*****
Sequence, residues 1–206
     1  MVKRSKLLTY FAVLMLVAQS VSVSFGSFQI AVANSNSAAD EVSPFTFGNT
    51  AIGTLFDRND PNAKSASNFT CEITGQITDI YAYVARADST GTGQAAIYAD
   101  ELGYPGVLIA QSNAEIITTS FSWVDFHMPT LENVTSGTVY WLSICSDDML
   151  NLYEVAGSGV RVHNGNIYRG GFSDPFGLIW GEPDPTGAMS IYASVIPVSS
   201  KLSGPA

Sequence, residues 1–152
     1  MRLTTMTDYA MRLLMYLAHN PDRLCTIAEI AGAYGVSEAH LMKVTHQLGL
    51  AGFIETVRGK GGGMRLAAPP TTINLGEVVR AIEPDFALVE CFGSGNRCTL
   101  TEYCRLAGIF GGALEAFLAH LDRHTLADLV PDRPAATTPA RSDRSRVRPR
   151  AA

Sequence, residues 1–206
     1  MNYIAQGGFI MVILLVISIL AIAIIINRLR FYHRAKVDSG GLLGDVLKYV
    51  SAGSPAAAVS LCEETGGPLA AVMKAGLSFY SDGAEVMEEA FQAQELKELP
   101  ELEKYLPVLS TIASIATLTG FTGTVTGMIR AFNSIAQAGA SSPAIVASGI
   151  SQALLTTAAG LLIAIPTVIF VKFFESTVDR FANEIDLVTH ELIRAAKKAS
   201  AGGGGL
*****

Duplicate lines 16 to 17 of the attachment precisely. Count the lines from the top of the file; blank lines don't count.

   151  SQALLTTAAG LLIAIPTVIF VKFFESTVDR FANEIDLVTH ELIRAAKKAS
   201  AGGGGL